Brent oil climbed above $65 a barrel to its highest this year as Opec-led supply cuts and this week’s announcement of a higher than expected cut by Saudi Arabia encouraged investors.
The international oil benchmark reached $65.20 by 1310GMT on Friday, the 63 cent gain equating to a rise of about 1 per cent. Brent approached near three-month highs and was set for a gain of nearly 5 per cent on the week.
US West Texas Intermediate crude futures were also up about 1 per cent, rising 53¢ to $54.94.
The Organization of the Petroleum Exporting Countries and allies led by Russia started voluntary production cuts last month, aiming to tighten the market.
Top exporter and de facto Noah Browning leader Saudi Arabia said on Tuesday it would cut more than half a million barrels per day more in March than the deal called for, sending prices surging.
Prices were also buoyed by the partial closure of Saudi Arabia’s Safaniya, its largest offshore oilfield with production capacity of more than one million bpd.
“Brent should average $70 per barrel in 2019, helped by voluntary [Saudi Arabia, Kuwait, UAE] and involuntary [Venezuela, Iran] declines in Opec supply,” Bank of America Merrill Lynch said. The bank said it expects a drop of 2.5 million bpd in Opec supply in the fourth quarter of 2019 from a year earlier.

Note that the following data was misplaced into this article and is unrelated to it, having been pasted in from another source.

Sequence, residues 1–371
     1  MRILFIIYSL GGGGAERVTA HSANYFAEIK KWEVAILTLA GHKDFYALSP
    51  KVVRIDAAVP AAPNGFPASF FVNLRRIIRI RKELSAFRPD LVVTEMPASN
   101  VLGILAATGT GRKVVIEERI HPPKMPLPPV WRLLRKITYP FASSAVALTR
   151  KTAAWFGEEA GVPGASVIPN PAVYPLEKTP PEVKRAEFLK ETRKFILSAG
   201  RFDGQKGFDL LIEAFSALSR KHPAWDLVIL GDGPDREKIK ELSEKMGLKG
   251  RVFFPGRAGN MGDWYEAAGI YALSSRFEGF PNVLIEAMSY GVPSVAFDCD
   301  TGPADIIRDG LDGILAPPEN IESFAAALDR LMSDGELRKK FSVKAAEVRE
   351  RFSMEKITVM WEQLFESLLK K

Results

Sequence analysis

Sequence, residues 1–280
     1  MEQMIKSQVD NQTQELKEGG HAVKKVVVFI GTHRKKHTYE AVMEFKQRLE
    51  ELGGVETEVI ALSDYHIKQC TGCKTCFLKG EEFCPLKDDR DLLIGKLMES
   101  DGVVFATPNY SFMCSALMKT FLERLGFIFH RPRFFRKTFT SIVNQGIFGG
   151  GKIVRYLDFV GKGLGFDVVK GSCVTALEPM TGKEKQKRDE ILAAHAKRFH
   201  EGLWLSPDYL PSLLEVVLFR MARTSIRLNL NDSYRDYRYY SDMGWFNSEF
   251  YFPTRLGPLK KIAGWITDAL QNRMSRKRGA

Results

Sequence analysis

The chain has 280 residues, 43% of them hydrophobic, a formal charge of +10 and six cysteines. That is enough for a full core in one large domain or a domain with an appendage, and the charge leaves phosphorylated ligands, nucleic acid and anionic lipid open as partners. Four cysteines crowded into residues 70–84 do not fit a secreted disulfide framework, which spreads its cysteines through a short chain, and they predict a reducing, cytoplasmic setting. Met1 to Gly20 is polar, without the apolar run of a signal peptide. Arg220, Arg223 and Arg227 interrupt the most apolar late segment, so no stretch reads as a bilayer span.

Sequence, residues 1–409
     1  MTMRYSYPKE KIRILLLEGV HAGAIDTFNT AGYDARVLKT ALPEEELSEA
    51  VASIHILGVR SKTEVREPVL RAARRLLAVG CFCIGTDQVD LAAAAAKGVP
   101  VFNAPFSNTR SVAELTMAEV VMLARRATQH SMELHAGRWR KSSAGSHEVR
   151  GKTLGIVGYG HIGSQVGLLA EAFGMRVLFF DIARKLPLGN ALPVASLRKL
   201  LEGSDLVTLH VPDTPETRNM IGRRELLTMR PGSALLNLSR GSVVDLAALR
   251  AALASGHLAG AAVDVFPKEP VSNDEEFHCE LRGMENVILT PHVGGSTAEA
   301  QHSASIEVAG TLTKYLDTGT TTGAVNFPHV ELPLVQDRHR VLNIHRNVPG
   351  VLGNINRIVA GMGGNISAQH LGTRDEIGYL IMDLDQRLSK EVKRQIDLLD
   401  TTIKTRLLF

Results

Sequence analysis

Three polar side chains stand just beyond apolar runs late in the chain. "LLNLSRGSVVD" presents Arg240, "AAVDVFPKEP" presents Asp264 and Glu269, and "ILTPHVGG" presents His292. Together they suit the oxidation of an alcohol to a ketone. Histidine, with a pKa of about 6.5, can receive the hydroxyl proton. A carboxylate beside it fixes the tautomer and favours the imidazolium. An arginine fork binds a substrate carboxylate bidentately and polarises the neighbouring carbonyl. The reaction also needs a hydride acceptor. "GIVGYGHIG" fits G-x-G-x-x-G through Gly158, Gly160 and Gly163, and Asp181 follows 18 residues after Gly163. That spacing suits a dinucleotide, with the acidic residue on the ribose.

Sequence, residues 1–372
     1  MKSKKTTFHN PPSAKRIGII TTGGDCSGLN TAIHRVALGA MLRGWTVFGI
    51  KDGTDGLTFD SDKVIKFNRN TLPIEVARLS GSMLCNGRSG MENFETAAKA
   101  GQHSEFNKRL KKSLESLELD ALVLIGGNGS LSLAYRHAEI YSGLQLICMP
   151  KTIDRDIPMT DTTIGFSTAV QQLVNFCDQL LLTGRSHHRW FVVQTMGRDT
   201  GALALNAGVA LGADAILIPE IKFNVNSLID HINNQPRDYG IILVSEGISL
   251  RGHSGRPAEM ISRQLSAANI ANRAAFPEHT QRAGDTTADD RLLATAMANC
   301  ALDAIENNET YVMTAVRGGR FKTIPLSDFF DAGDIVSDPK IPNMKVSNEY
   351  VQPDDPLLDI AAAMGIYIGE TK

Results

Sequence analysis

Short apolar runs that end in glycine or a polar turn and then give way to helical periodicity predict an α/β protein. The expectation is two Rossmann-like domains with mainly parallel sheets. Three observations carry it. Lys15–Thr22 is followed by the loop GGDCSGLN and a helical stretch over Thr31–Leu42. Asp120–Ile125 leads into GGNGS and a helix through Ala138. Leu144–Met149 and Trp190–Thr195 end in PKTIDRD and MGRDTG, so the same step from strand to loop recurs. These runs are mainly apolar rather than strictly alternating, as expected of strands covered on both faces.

However, the global supply picture remains uncertain.
US oil production is on the rise, while the seizure of Libya’s main oilfield by Eastern armed forces this week could soon lead to its reopening. But US sanctions on Venezuela and Iran have have helped to tighten global supply and security threats could threaten Nigerian production after general elections this weekend.
“Looking ahead, the prognosis for Venezuela and Iran remains skewed to the downside. As such, they should continue to act as important pillars of price support. The same, however, can’t be said for Libya,” said Stephen Brennock of oil broker PVM.
“This risks throwing a spanner in the works for Pec’s rebalancing ambitions and, therefore, the price recovery.”
Faltering global economic growth is also a concern, with signs of a slowdown now abundant in Europe, Asia and the United States, which could lead to slowing growth in fuel demand.